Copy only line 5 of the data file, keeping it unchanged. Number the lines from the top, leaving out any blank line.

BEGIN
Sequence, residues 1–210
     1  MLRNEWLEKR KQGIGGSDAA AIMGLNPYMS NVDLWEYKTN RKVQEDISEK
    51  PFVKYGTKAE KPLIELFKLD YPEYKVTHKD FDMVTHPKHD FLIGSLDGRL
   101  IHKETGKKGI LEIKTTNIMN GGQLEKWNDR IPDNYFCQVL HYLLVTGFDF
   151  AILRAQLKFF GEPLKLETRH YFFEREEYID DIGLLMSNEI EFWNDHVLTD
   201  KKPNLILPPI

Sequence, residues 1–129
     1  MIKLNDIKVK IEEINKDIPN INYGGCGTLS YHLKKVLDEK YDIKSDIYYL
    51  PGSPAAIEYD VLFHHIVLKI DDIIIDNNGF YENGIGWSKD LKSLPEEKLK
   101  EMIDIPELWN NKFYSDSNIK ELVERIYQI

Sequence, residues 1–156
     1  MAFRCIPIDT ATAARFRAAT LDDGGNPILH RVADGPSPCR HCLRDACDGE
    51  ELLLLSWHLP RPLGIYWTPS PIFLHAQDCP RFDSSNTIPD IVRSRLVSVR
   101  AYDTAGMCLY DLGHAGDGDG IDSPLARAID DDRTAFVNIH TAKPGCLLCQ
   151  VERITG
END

   151  AILRAQLKFF GEPLKLETRH YFFEREEYID DIGLLMSNEI EFWNDHVLTD